Telemann Institute Japan (= TIJ) is a comprehensive institute of baroque music composed of five performing groups, Telemann Chamber Orchestra, Telemann Chamber Choir, Collegium Musicum Telemann, Baroque Choir Telemann, and Symphonic Telemann, supported by two groups, TIJ Support Group, and Telemann Friendship Association.
Back in 1963, while they were still students of Daion - Osaka College of Music, the threesome of Takeharu Nobuhara, Takashi Kitayama, and Tomiko Miyajima set up Telemann Ensemble to explore a possibility of “Popularization And Enlightenment Of Baroque Music” with ‘the sense of fun’ at its axis. Later it developed into Telemann Chamber Orchestra. In 1968, Telemann Choir was formed, staffed with the regular members. Altogether, in 1969, they grew up to form Osaka Telemann Institute, a comprehensive institute in chamber music.
Their activity has been multi-faceted. Apart from its “Regular Concert” which is common in any other music institutes in general, its “Monthly Concerts” since 1963 have been held in a salon style atmosphere where a candid dialogue is exchanged between the conductor and audience. The “Church Music Series” which followed since 1971 have been performed in the sacred Cathedral true to the original function of church music. They believe the latter two among others are unique to TIJ. Their activity has enjoyed a high reputation in Kansai (Western Regions), as exemplified in the series of awards they have been honored with: Osaka Cultural Festival Award in 1962, 1972, and 1982, Music Critique Club Award in 1970, 1975 and 1976, Osaka Prefectural Theatrical Performance Award in 1975 and 1985. In 1975, in the name of "Church Music Series/Special Performance", they achieved the first performance in the Japanese musical history of Georg Philipp Telemann’s Matthäus-Passion both in Osaka and Tokyo, and began widening the scope of their activity outside Kansai.
In appreciation of their active musical performances and achievements, they won in 1971 “Agency for Cultural Affairs Cultural Festival Excellent Performance Award” for the first time as an institute participating from Kansai. This award has given the members of the Institute a great hope, impetus and encouragement. In the hope of further leap ahead of the Institute, in 1979, they changed their name, Osaka Telemann Institute to Telemann Institute Japan.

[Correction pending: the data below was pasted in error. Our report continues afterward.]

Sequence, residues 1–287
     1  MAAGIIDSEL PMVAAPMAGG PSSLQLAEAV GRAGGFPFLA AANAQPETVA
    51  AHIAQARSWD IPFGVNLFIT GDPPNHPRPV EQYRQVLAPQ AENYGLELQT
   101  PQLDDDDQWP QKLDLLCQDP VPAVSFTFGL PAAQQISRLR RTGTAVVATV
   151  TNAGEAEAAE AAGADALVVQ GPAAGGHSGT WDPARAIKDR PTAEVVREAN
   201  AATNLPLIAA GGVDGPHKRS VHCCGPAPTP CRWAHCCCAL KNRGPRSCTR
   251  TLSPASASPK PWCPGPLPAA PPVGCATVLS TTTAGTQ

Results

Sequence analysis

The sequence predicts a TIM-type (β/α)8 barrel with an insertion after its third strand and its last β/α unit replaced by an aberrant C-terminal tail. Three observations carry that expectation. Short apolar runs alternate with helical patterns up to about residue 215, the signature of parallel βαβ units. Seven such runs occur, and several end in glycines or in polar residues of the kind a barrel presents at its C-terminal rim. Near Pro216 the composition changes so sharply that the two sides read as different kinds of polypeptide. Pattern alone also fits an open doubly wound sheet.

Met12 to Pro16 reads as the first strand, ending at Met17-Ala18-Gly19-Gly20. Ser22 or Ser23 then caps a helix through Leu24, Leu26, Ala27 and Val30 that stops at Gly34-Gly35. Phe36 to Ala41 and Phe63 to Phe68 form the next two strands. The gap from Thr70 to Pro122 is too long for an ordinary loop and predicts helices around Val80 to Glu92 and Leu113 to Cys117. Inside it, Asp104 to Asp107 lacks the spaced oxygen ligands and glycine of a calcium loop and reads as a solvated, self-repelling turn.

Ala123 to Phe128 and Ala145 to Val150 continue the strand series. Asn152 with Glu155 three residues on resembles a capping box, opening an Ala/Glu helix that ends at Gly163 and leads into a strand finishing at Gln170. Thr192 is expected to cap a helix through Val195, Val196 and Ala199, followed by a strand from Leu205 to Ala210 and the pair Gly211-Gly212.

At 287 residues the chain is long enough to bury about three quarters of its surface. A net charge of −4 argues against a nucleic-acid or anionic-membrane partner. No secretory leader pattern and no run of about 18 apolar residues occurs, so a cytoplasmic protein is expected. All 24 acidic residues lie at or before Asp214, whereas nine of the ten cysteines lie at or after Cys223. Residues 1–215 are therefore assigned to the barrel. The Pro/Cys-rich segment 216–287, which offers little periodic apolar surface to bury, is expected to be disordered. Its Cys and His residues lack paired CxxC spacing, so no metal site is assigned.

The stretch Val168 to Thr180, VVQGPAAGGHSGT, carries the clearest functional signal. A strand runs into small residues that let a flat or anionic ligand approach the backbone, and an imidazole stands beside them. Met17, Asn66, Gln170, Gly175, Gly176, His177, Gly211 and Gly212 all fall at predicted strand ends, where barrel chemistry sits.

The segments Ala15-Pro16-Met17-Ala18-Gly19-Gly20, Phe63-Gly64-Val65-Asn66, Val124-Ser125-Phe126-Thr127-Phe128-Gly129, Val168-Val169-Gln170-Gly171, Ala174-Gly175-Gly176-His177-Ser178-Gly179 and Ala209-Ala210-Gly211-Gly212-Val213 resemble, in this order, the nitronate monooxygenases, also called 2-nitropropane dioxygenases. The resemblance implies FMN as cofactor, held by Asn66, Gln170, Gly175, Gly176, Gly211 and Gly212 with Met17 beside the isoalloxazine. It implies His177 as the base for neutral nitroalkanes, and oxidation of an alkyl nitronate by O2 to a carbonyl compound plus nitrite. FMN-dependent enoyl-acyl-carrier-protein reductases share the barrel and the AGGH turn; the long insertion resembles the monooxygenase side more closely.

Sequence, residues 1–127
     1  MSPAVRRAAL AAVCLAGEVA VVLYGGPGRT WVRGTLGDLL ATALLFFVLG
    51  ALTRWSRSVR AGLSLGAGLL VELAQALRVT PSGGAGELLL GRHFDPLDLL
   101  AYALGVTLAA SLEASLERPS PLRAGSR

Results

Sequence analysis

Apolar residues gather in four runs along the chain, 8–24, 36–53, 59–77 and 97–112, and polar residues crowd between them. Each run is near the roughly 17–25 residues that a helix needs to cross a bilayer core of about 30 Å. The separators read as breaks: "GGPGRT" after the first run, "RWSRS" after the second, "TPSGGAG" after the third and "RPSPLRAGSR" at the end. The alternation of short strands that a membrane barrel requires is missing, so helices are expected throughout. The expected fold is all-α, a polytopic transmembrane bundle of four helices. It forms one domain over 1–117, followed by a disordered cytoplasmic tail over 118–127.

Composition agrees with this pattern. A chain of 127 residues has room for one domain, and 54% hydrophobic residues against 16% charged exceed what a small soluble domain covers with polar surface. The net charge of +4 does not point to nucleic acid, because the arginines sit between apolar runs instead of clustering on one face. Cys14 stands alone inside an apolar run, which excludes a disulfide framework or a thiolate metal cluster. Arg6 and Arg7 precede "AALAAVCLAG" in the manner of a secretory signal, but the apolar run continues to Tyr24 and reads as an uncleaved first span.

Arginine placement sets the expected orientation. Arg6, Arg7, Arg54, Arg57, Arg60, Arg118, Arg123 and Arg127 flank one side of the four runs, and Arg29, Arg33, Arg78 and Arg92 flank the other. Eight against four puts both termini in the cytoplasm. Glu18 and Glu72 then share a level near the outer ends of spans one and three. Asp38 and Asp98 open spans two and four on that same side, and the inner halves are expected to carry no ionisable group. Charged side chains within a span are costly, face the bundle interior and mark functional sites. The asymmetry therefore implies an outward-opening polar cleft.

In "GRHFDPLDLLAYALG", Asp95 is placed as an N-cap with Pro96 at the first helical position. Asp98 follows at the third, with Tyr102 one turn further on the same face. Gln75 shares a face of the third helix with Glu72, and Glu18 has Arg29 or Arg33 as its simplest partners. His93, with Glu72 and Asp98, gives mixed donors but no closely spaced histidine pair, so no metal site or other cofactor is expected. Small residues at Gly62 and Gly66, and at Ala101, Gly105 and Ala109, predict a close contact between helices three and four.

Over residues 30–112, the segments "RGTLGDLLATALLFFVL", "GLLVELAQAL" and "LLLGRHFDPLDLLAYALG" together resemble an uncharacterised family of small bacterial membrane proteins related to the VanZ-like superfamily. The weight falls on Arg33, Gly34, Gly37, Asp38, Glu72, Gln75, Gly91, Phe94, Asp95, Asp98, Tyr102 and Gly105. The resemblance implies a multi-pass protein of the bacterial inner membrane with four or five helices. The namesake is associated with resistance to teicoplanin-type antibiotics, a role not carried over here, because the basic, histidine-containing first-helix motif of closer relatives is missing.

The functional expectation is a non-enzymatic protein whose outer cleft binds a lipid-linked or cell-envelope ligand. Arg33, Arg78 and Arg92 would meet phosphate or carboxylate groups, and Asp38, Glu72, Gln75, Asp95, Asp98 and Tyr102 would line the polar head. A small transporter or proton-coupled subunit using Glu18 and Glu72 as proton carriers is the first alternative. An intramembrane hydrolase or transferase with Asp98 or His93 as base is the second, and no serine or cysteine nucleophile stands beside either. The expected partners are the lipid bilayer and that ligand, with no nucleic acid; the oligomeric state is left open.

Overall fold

The positive stance of their activity has gone from strength to strength. They performed at “The 300th Anniversary Concert of the Birth of Georg Philipp Telemann” under the auspices of the Agency for Cultural Affairs in 1981, besides beginning to perform in 1982 “The Beethoven Symphony No.9 by 100 Musicians”, and baroque music in 1983, using the original baroque instruments, triggered by the performance together with Anner Bylsma, a Dutch Baroque cellist. Then, in 1985, 70 musicians composed of Chamber Music Orchestra and Chamber Choir made a performing tour to then “East” Germany and performed at the International Music Festival in Commemoration of the 300th Anniversary of the Birth of Johann Sebastian Bach as the only music institute from Japan. They enjoyed great applauds for this performance from every quarter both domestic and abroad. This led to winning The 17th Suntory Music Award in the same year, decisively solidifying the status of the Institute in the music world in Japan.
An Attempt At Another Performance Style - A Step by Step To The Classical Performance
Meanwhile, in addition to the performance by “modern instruments”, they have begun since 1980 another performance style using “original baroque instruments” in the name of Collegium Musicum Telemann. Thus, they have become the only Institute in Japan that regularly performs in both performance styles. By baroque instruments, they mean replicas of instruments used during the Baroque era (around AD1700) or originals (namely, instruments, reconverted back to the original form, which had once been converted into modern instruments). For example, gut-strings (the same as those in tennis rackets), slim soul post, delicate bass bar, and neck without tilt characterise baroque violins.